HAI: Finally, much has been written about the marginal cost of gold production, or the level at which gold mining becomes unprofitable for the industry. Analysts at Goldman recently said they thought that level was $1200. Do you have any thoughts on that?
 
Joe Foster: $1200 is definitely a critical level. We talked about the technicals, but looking at the fundamentals of the gold price, one of the reasons I think $1200 is a firm base is that that’s where these companies have geared their business. And if it were to drop below $1200, we would see a significant increase in the number of mine closures and cutbacks due to low gold prices.
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Aug 29

How Central Bankers Blew Up the World

Gold Price Comments Off on How Central Bankers Blew Up the World
$2.2 trillion here, a 3% jump there, and soon you’ve got S&P 2,000…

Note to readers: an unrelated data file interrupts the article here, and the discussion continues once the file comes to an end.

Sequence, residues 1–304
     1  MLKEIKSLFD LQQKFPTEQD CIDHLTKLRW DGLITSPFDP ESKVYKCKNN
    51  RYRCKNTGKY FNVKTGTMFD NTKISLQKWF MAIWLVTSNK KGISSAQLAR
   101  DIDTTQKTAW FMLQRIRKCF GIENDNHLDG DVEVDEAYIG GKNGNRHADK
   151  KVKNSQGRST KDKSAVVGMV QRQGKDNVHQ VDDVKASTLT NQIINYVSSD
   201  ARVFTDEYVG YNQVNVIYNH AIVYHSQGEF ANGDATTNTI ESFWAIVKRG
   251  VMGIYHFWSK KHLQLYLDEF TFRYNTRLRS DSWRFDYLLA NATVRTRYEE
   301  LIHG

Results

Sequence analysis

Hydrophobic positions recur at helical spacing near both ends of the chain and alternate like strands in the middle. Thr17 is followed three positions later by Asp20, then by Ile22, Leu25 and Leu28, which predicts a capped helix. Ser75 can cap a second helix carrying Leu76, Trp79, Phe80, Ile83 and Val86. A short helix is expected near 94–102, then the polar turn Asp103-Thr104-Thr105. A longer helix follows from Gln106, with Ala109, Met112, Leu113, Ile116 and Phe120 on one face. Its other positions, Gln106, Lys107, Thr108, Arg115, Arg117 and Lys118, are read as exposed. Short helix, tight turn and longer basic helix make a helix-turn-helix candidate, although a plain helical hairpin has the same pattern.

ALL OVER the world stocks are rising, writes Bill Bonner in his Diary of a Rogue Economist.
 
In the US, the S&P 500 rose over the 2,000 mark for the first time in history. The Dow is over 17,000.
 
And if you want to buy a share of online TV network Netflix, Inc. (Nasdaq:NFLX), you will pay $144 for every Dollar the company earned over the last 12 months.
 
If you bought the company outright, in other words, you’d have to wait until 2158 to earn your money back.
 
But this story is playing out from Timbuktu to Taiwan to Texas. Here’s the latest from Bloomberg:
“Shares worldwide added more than $2.2 trillion in value since Aug.7, according to data compiled by Bloomberg. Optimism that central banks will support economic growth sent the MSCI All-Country World Index up 3.8% from its low this month. The S&P 500 has risen for 10 of the last 13 days and the Nasdaq Composite Index is about 10% from an all-time high.”